There are two kinds of people in this world: those who recognise the genius of Wes Anderson and everyone else. I tumbled down the Anderson rabbit-hole after seeing Rushmore (1998), my first taste of that special blend of the peculiar which Anderson is renowned for. Not without a few niggling problems, his latest offering The Grand Budapest Hotel is an ambitious project, reinforcing that he is a master of ‘dolls house’ style film making, but more on that later. For pure escapism it’s hard to resist a bundle of quirky characters, exquisitely wrapped in absurdity and tied together by a string of ridiculous circumstances … in other words it’s a Wes Anderson film.
Perched high in the alps of Zubrowka sits the shining jewel of European hotels, The Grand Budapest Hotel. Under the watchful-eye and velvet-glove-encased iron fist of the world’s greatest concierge Monsieur Gustave H (Ralph Fiennes), the hotel proudly hosts the upper crust of European society. Many come for the views but most come for Monsieur Gustave. Amongst those drawn to the proverbial flame is Madame Desgoffe-und-Taxis (Tilda Swinton), an elderly widow who is both guest of the hotel and aged lover of Gustave. When she is found dead a short time after leaving the hotel, suspicions are aroused when Gustave is mentioned in her will, he is accused of her murder and so the craziness begins. The story is almost equal parts prison, heist and murder mystery tales with an overarching narrative looking at the mysterious owner of the hotel itself, Mr Zero Moustafa (Tony Revolori/F. Murray Abraham). The film also tackles the effects the impending war is having on traditional European culture. It's quite the melting pot of plots and ideas, which in the hands of a lesser story teller could easily have become a lumpy hotchpotch, but thankfully it’s not.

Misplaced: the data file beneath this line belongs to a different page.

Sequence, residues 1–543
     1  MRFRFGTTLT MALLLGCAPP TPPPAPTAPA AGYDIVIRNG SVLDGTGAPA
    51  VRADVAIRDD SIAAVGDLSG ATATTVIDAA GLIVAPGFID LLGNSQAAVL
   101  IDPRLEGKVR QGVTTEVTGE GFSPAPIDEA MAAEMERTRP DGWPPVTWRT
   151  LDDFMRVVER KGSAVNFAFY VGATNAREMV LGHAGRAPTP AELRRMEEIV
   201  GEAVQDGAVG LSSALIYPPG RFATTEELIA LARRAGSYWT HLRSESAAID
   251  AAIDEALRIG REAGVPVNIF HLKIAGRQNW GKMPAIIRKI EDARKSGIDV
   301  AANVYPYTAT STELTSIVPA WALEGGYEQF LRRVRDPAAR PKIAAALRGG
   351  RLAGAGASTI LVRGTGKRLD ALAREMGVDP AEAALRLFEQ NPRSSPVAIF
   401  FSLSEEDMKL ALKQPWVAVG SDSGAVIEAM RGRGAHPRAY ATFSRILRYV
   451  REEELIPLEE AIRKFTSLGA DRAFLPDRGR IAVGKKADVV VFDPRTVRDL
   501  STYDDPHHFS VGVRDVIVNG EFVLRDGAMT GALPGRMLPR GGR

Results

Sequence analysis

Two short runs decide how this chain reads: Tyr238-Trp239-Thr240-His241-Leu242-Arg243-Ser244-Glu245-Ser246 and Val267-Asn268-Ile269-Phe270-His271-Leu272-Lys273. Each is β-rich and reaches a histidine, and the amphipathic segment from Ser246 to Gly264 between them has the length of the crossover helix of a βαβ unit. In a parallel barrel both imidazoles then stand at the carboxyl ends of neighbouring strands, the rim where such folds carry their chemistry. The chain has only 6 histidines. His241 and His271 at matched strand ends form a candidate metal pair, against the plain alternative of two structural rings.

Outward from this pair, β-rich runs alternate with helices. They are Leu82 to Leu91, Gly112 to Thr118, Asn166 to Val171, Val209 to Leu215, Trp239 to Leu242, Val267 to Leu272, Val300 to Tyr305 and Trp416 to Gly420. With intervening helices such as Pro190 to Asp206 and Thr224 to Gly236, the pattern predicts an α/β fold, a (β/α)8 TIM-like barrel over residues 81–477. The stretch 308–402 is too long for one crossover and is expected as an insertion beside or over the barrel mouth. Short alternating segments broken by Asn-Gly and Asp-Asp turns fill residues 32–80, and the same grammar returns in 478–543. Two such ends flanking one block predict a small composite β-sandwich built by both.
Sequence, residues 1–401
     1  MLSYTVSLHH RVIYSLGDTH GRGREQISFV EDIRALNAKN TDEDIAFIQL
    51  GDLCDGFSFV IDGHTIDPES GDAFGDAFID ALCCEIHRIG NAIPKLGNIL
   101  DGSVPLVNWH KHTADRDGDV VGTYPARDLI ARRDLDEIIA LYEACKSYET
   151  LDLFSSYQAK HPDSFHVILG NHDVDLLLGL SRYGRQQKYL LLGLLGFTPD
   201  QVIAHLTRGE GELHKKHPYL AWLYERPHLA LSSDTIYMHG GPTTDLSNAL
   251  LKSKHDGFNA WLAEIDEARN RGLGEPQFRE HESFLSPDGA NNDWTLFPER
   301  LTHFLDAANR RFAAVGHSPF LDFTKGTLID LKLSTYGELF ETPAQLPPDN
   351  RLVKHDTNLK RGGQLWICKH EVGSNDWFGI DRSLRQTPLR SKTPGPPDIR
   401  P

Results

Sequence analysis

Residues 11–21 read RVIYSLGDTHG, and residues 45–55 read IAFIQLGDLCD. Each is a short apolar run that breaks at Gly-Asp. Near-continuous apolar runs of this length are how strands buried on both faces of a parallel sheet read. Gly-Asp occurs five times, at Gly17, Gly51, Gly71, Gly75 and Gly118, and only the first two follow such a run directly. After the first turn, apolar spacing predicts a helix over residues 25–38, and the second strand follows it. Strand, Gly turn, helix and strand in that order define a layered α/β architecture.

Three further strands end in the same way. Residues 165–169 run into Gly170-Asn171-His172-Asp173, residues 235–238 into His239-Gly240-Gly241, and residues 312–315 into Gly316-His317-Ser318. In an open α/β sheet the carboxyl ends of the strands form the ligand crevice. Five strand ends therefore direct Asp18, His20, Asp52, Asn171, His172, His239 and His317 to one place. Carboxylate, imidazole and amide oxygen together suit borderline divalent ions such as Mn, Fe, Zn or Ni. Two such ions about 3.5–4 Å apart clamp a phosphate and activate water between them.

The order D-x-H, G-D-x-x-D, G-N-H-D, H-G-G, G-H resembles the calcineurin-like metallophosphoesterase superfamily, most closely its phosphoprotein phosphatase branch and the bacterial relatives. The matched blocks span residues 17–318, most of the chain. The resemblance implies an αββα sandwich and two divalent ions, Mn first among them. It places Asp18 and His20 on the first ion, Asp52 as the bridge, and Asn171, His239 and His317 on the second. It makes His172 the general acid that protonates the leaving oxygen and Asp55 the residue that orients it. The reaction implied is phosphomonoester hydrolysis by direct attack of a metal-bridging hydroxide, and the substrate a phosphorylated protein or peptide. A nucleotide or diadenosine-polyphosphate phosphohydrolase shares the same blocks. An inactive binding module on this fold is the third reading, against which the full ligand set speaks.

I referred to Anderson’s style as ‘dolls house’ filmmaking, because they tend to be set predominantly in single locations in which the camera is able to pan from room to room as if it’s outside peering in. The highly stylised set design and costuming adds to the feeling that the characters are merely toys in a play set for him. The locations in Wes Anderson films (consider the the family house in The Royal Tenenbaums
, Steve Zissou’s ship The Bellafonte in Life Aquatic
, Rushmore Academy in Rushmore,
etc) effectively become characters themselves, given the way the occupants usually interact with them. In this film the hotel serves as a base of operations for the story and looks phenomenal. As always, Anderson unleashes his penchant for symmetry within his environments, especially when shooting within the hotel lobby. The entire lobby is mirrored against itself in a perfect example of the film's high calibre of design. Much like the Coen Brothers' films, there is a lot going on visually, but that’s one of the reasons why Anderson's films are immensely rewatchable: you simply can’t take them in all in one sitting.
The film boasts an exceptionally large cast which the simplicity of the plot can not entirely support. Coupled with the fact that the story clips along at a breakneck pace, it started to feel a tad crowded during the final act. Nearly every Wes Anderson regular gets a few moments on screen, which, while fun to see, gets a little distracting; I started playing a game of who’s coming up next, checking them off like a shopping list. Despite that grumble, Ralph Fiennes is superb as the heavily perfumed Gustave, a role perfectly suited to Fiennes: rich in flowery dialogue yet beautifully self aware. The other standouts in the cast are mostly new to the Anderson scene, including Saoirse Ronan, Tony Revolori and Jude Law, who seem right at home in this world.
While this didn’t quite reach the lofty heights of Rushmore or The Royal Tenenbaums, The Grand Budapest Hotel sits comfortably within Anderson’s catalogue. I intend to watch it again very soon, just so I can find all the little easter eggs I missed the first time round. This is definitely a film worth catching in the cinema, so you have the biggest canvas on which to admire his work.
The Grand Budapest Hotel in opens in select cinemas this Thursday, if you agree or disagree with my thoughts feel free to drop a line below.
A stylistic and thematic progression, it's Anderson's most complex, nuanced effort, and his bawdiest, perhaps funniest, screenplay yet. It may be his masterpiece.ReplyDelete